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Original Research ARTICLE Provisionally accepted The full-text will be published soon. Notify me

Front. Endocrinol. | doi: 10.3389/fendo.2019.00654

Alteration of testosterone levels changes brain wave activity patterns and induces aggressive behavior in rats

Daniel P. Estumano1,  Luan O. Ferreira2, Paulo Augusto L. Bezerra1,  Maria Clara P. da Silva1, Giovanna C. Jardim1,  George Francisco S. Santos1, Kayo S. Gustavo2,  Bruna G. Matos2, Jorge Amando B. Ramos3, Vanessa J. de Mello1, Edmar T. da Costa2,  Dielly Catrina F. Lopes2* and Moisés Hamoy1*
  • 1Laboratory of Pharmacology and Toxicology of Natural Products, Institute Biological Science, Federal University of Pará, Brazil
  • 2Hospital Universitário João de Barros Barreto (HUJBB), Brazil
  • 3Institute of Biological Sciences, Federal University of Pará, Brazil

Testosterone is responsible for several changes in the brain, including behavioral and emotional responses, memory and cognition. Given this, we investigated changes in the brain wave profile caused by supplementation with exogenous testosterone in both castrated and non-castrated rats. We also investigated the serum testosterone levels, renal and hepatic function, and the lipid and behavioral profiles. We found changes in the spectral wave power in both groups (castrated and non-castrated animals) supplemented with exogenous testosterone, consistent with an aggressive/hostile profile. These changes were observed in the electrocorticographic evaluation associated with increased power in low-frequency (delta and theta) and high-frequency (beta and gamma) activity in the supplemented animals. The castrated animals presented a significant decrease of wave power in the alpha frequency. This correlated with a decrease of the performance of the animals in the elevated plus-maze evaluation, given that the alpha wave is linked to the execution and visualization of motor processes. In the behavioral evaluation, the castrated animals presented a reduced permanence time in the elevated-plus maze, although this was prevented by the supplementation of testosterone. Testosterone supplementation induced aggressive behavior in non-castrated animals, but not in castrated ones. Supplemented animals had significantly elevated serum testosterone levels, while their urea levels were significantly lower, but without clinical significance. Our data indicate that testosterone supplementation in non-castrated rats, but not in castrated ones, causes electrocorticographic changes that could be associated with more aggressive and hostile behavior, in addition to indicating a potential for personality disorder. However, further studies are required to elucidate the cellular and molecular changes caused by acute testosterone supplementation.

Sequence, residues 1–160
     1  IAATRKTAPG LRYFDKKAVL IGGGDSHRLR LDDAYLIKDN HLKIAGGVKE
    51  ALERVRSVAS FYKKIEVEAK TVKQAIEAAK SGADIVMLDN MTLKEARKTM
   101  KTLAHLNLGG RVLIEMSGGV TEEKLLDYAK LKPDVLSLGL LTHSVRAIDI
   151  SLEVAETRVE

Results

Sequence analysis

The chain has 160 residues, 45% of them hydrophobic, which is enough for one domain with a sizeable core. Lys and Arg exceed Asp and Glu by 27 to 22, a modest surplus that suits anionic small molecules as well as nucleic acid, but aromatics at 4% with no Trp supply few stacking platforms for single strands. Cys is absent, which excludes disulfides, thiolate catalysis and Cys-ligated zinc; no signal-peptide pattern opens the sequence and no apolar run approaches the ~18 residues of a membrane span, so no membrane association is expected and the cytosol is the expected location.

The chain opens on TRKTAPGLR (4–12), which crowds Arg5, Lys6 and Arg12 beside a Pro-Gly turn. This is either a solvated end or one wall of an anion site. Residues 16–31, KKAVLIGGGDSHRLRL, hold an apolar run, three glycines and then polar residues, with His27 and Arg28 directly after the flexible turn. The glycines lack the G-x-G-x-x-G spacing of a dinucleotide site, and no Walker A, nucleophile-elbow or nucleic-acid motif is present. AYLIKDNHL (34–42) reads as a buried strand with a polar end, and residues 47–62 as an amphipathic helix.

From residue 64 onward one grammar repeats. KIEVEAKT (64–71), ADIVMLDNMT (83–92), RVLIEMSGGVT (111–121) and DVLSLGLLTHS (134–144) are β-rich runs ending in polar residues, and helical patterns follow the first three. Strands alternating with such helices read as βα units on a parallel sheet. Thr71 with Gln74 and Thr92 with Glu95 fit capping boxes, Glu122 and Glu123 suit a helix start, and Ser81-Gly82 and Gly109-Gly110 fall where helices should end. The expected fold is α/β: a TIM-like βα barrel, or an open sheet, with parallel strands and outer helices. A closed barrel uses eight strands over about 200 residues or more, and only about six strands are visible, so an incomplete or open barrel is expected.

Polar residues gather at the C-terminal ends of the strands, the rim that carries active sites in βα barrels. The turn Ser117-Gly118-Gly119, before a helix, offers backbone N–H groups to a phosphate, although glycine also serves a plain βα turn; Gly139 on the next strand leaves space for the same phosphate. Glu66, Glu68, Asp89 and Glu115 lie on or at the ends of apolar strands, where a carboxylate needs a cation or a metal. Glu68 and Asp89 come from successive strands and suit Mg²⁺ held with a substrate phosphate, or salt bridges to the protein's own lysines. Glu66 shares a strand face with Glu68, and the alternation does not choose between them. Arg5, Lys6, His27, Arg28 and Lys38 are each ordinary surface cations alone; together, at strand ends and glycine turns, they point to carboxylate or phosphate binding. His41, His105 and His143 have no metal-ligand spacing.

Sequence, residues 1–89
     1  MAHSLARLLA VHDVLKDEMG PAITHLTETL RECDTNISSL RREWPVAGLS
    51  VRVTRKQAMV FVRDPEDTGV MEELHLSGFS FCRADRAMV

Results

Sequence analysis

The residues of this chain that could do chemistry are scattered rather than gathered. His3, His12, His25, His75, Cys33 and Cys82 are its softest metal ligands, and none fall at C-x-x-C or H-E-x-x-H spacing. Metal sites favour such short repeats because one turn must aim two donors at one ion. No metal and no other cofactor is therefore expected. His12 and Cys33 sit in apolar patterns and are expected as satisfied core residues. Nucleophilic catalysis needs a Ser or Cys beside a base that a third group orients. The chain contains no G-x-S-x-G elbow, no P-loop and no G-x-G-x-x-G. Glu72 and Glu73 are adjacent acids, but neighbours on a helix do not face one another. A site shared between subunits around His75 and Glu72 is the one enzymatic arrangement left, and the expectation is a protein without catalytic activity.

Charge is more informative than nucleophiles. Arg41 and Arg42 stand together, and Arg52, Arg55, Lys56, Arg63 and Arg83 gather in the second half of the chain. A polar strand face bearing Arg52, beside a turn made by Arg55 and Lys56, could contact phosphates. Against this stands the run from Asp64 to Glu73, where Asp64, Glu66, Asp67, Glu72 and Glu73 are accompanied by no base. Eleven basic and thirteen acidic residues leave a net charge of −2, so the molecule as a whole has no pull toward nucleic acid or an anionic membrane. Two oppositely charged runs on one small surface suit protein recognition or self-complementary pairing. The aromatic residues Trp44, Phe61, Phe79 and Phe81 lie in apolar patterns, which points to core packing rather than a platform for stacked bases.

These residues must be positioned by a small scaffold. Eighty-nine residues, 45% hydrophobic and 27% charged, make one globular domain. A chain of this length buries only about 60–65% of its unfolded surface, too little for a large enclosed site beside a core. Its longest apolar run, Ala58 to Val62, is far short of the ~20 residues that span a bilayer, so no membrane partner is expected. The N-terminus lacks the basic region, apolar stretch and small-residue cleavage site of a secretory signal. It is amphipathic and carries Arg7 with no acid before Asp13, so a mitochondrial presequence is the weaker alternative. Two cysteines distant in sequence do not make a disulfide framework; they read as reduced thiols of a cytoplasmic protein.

Keywords: Testosterone, brain wave, Behavior, anabolic, supplementation, Electrocorticographic

Received: 23 May 2019; Accepted: 09 Sep 2019.

Copyright: © 2019 Estumano, Ferreira, Bezerra, da Silva, Jardim, Santos, Gustavo, Matos, Ramos, de Mello, da Costa, Lopes and Hamoy. This is an open-access article distributed under the terms of the Creative Commons Attribution License (CC BY). The use, distribution or reproduction in other forums is permitted, provided the original author(s) and the copyright owner(s) are credited and that the original publication in this journal is cited, in accordance with accepted academic practice. No use, distribution or reproduction is permitted which does not comply with these terms.

* Correspondence:
PhD. Dielly Catrina F. Lopes, Hospital Universitário João de Barros Barreto (HUJBB), Belém, 66073-000, Pará, Brazil, dicatrina@gmail.com
PhD. Moisés Hamoy, Laboratory of Pharmacology and Toxicology of Natural Products, Institute Biological Science, Federal University of Pará, Belém, Pará, Brazil, hamoy@ufpa.br